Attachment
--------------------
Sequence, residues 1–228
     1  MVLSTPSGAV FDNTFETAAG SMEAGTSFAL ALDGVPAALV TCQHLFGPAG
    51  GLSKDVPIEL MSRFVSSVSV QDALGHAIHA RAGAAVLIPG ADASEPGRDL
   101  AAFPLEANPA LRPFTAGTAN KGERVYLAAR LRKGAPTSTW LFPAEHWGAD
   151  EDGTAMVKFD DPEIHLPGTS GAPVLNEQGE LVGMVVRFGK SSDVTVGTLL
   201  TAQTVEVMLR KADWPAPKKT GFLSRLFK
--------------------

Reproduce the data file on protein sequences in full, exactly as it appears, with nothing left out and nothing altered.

Sequence, residues 1–228
     1  MVLSTPSGAV FDNTFETAAG SMEAGTSFAL ALDGVPAALV TCQHLFGPAG
    51  GLSKDVPIEL MSRFVSSVSV QDALGHAIHA RAGAAVLIPG ADASEPGRDL
   101  AAFPLEANPA LRPFTAGTAN KGERVYLAAR LRKGAPTSTW LFPAEHWGAD
   151  EDGTAMVKFD DPEIHLPGTS GAPVLNEQGE LVGMVVRFGK SSDVTVGTLL
   201  TAQTVEVMLR KADWPAPKKT GFLSRLFK